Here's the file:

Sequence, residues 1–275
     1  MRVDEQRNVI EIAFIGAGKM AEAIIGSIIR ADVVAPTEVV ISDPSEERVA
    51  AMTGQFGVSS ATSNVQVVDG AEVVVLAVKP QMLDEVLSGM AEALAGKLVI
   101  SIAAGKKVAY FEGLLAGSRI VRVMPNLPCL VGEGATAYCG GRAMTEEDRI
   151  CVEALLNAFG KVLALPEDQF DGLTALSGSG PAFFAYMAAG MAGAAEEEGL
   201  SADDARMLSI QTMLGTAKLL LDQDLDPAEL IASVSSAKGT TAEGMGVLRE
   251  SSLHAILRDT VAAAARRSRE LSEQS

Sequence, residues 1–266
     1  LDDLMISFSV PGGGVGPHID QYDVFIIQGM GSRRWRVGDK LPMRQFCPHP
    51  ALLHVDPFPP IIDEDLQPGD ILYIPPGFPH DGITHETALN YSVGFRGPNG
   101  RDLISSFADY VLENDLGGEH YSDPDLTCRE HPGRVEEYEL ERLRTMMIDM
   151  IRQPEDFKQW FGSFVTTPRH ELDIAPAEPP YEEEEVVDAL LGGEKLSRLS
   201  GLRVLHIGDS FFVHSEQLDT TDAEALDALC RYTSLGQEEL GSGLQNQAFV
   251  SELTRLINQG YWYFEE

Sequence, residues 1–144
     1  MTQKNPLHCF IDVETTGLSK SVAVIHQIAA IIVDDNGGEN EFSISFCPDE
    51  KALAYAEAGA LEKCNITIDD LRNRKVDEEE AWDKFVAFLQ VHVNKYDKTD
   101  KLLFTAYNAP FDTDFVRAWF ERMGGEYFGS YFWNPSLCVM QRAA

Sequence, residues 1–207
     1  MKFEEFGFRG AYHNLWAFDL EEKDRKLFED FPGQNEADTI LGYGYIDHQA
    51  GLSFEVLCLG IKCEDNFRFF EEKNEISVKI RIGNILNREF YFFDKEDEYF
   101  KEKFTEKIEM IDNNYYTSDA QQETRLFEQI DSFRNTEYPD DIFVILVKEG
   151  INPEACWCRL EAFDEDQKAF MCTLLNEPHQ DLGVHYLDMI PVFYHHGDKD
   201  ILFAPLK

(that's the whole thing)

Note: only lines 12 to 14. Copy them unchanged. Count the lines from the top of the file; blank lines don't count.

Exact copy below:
   151  IRQPEDFKQW FGSFVTTPRH ELDIAPAEPP YEEEEVVDAL LGGEKLSRLS
   201  GLRVLHIGDS FFVHSEQLDT TDAEALDALC RYTSLGQEEL GSGLQNQAFV
   251  SELTRLINQG YWYFEE